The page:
sustains all things (Colossians 1:17), owns all things (Acts 10:36), and rules all things (Psalm
103:19; Hebrews 2:8). Therefore, He has authority over our lives and we owe Him complete
allegiance, obedience, and worship.
So, the gospel that brings salvation contains a number of key aspects of the person (God, perfect
man, Lord, Savior, and substitute) and work (perfect life, death, and resurrection) of Jesus Christ.

The Uniqueness of the Gospel
In today’s pluralistic, postmodern culture, the common consensus would lead one to believe
there is no such thing as absolute truth and all paths lead to the same place for those who are
sincere. Unfortunately, people who do not oblige to this worldview are labeled as “intolerant”.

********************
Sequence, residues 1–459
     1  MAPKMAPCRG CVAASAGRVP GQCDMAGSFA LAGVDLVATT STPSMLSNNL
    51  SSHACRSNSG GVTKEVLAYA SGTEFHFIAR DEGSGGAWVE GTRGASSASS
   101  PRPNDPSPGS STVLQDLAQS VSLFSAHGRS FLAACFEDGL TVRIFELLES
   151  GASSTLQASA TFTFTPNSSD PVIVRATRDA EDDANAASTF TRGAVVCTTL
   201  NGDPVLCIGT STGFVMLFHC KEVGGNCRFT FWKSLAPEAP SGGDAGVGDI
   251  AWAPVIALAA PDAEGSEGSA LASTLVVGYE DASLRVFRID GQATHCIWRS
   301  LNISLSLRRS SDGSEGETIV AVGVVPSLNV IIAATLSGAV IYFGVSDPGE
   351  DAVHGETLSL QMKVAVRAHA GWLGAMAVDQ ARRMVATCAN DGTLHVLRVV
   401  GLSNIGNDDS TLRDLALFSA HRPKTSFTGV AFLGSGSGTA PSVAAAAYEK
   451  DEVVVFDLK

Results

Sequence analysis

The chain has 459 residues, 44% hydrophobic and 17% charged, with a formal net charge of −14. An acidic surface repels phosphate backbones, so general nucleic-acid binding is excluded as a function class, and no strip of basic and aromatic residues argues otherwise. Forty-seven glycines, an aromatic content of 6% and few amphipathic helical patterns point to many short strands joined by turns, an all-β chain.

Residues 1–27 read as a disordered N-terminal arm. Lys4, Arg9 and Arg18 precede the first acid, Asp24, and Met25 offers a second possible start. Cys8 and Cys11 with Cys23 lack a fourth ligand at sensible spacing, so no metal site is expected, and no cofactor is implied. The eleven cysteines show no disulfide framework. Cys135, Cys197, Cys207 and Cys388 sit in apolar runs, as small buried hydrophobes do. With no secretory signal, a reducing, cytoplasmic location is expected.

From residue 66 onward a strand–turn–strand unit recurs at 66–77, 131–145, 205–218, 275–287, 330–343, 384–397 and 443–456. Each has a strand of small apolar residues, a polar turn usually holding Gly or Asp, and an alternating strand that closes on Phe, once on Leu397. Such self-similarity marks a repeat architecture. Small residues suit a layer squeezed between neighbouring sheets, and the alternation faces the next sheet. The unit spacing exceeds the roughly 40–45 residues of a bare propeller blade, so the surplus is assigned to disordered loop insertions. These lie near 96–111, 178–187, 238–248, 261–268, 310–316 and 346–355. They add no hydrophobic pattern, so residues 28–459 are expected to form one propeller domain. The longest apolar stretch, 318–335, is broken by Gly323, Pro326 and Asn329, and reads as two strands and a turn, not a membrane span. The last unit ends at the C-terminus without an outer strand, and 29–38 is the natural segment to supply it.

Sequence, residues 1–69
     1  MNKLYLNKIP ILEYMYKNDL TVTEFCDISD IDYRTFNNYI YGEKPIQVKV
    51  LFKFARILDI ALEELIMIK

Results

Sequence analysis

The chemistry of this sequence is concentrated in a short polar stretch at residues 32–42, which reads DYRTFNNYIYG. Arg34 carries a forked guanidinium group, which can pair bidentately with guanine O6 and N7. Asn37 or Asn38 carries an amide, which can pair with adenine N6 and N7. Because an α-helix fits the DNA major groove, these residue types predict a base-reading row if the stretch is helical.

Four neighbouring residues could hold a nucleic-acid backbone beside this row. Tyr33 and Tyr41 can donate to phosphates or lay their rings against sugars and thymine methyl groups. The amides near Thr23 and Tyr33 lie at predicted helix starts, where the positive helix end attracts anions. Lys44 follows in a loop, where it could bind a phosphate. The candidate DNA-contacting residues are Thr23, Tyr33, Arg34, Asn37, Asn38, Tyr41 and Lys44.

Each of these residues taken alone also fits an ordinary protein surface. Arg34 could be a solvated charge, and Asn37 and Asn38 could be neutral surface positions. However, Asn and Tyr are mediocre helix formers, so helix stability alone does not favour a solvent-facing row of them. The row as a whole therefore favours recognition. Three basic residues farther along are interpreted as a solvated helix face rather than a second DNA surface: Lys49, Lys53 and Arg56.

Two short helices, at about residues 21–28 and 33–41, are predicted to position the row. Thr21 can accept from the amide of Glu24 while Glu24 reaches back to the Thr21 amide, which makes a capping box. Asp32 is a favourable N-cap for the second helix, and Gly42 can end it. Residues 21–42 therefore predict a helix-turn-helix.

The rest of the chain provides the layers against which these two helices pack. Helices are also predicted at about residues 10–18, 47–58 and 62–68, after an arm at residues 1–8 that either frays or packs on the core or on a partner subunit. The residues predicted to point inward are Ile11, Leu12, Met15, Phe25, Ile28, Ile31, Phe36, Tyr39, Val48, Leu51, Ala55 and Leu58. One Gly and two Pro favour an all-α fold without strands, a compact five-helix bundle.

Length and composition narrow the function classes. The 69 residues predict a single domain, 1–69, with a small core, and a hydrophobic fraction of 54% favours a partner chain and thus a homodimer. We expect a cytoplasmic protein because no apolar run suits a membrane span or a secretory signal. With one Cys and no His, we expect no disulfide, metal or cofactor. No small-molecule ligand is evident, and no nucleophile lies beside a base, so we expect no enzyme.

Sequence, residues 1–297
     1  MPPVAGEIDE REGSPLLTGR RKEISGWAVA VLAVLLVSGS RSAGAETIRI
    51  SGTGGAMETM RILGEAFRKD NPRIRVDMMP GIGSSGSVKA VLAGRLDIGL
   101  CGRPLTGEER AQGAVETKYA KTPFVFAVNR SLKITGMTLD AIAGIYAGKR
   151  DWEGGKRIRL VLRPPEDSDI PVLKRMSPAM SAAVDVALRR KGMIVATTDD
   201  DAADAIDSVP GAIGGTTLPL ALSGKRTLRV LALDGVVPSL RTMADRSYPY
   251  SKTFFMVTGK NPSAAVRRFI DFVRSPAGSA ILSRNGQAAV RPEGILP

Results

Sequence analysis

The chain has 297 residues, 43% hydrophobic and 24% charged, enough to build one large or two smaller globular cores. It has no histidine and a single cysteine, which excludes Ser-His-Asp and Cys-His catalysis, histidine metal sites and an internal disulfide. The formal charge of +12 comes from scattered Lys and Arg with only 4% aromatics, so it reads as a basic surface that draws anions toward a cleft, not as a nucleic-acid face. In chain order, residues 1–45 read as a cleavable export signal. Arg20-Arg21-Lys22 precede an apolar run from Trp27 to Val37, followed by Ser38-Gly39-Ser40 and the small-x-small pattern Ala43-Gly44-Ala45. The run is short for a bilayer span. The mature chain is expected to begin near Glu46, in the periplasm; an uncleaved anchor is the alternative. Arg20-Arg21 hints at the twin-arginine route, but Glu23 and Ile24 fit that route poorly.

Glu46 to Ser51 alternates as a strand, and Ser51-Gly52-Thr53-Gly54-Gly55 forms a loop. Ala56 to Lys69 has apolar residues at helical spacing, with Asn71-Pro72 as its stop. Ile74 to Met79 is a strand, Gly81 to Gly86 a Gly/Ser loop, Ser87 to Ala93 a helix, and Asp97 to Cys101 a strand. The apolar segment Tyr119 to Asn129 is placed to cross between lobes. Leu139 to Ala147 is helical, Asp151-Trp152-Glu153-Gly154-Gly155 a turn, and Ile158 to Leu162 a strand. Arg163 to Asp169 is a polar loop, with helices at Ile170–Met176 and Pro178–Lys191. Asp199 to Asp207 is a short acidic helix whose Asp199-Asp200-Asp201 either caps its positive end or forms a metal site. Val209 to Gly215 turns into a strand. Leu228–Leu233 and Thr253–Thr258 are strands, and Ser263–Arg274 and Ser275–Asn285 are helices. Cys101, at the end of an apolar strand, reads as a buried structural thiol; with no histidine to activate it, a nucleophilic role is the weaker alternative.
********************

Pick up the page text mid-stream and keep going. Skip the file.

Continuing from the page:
However, it is essential to reject any and all self-constructed worldviews and theologies crafted
by mere human beings on the basis of their own desires and logic. God’s judgments are far
greater than that of man. Paul writes, “Oh, the depth of the riches of the wisdom and knowledge
of God! How unsearchable His judgments and His paths beyond tracing out! ‘Who has known
the mind of the Lord? Or who has been His counselor?’” (Romans11:33-34).
How ignorant and arrogant it is for man to think that he can devise his own way to heaven when
the God of the universe has clearly communicated His way to us in holy Scripture. In God’s
economy, there is only one gospel and one Savior. Jesus said, “I am the way and the truth and
the life. No one comes to the Father except through me” (John 14:6), so clinging to that one, true
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gospel is absolutely essential. It is the power of God unto salvation! Placing trust and hope in
any other so-called “gospel” is futile, hopeless, and damning to the soul. Paul stated it best when
he wrote the following words:
I am astonished that you are so quickly deserting the one who called you by the